The viability of MOOCs are in question and financially sustainable business model for them has not yet been determined. It is still possible however that advertising and additional services like certification, corporate sponsorships will bring forth some revenue to keep them going.
There is also some evidence that students will ultimately be allowed to earn university credit for MOOCs, which could lead to lower costs for residential campuses and revenue generations for providers like Udacity, Coursera, and Edx.
Hopes are vested in the developing countries as many educational entrepreneurs there are finding out ways to leverage this content in creative and financially sustainable ways.
Competency-based models are another way to cater to student’s need and could be best options for adult learners who have a lot of on-the-job experience, some college credit and little time to waste. Competency-based models examine learning outcomes rather than classroom time, and students take exams that examine whether or not they have mastered competencies required for the credentials of their choice.
Under this model, professors turn into advisors and their role is to guide not advise. Though face to face learning still holds importance this model can also utilize technology to facilitate Q and A sessions or online discussions cutting downtime and travel burden for students. Now it is also apparently visible that more and more specialized degree programs are introduced keeping an eye on increasing students employment quotient. For instance, in the energy industry, it is already happening. Prominent B Schools are offering one year specialized Master of Science degree in fields like information technology, accounting and finance, data analytics and supply chain management. This degree undoubtedly will help students stand apart and gain competitive mileage over their peers.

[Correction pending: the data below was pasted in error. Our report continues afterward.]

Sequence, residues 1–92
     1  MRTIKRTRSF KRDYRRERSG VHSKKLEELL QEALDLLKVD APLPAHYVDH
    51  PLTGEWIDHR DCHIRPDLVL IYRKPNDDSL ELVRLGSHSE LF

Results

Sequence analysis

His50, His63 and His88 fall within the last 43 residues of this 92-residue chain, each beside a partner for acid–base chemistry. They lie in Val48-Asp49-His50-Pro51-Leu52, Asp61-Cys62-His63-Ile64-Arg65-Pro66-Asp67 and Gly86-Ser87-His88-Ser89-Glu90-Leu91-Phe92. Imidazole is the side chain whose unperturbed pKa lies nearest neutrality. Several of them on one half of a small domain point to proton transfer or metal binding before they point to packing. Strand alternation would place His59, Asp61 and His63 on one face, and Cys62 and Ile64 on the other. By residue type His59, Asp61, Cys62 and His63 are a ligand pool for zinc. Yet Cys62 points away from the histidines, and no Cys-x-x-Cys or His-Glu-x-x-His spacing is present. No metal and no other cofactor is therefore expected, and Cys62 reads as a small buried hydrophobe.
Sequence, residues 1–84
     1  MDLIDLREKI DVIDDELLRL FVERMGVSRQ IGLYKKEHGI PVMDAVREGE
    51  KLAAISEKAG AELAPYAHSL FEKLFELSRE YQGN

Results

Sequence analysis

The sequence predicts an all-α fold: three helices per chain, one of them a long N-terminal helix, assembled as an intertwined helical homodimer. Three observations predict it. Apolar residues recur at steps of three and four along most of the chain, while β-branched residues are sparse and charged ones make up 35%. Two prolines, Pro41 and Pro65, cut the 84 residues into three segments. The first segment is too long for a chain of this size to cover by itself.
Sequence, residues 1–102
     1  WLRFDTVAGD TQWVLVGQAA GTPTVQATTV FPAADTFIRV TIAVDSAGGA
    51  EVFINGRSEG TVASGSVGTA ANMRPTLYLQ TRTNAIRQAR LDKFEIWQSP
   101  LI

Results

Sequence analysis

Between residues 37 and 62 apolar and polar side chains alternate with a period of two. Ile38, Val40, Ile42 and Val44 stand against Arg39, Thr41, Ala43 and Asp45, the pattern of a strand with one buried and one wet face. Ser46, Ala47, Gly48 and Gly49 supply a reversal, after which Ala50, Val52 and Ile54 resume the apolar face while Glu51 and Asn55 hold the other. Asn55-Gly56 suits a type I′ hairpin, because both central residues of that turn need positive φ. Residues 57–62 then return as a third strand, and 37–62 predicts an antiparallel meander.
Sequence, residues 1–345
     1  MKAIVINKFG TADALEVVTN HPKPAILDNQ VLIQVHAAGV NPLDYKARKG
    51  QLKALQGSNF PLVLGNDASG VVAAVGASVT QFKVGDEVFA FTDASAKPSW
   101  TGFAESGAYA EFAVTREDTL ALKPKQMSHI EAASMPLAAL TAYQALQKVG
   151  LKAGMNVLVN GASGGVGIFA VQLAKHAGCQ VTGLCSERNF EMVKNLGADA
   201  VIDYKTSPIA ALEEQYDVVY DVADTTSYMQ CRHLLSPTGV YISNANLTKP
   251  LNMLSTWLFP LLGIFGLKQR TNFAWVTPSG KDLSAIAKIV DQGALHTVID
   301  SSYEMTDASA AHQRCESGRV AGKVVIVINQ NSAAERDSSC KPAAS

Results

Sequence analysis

The classroom is not going away, but outside the classroom learning is catching on especially among non-traditional categories, so universities need to increase the options for outside the classroom learning to reach more students.
As we move further into the 21st Century, the way we seek and impart education will certainly be different so it is prudent to learn to adapt to the changes that we have to face in the education arena in the near future. Classroom teaching will not be a dime a dozen concept yet new technological innovations might make it an option, especially in case of higher education. Classroom education had never been available to vast majority of us due to various limitations. Likewise, governments alone especially in the developing economies cannot cater to the educational needs of people. Needless to say, depriving them of education due to lack of infrastructure and other resources will have detrimental effects on the economy of the country in the long run. So finding an alternative to classroom education also becomes essential if education has to be made available to each and everybody.
Read More, about classroom strategies at BEYOND TEACHING.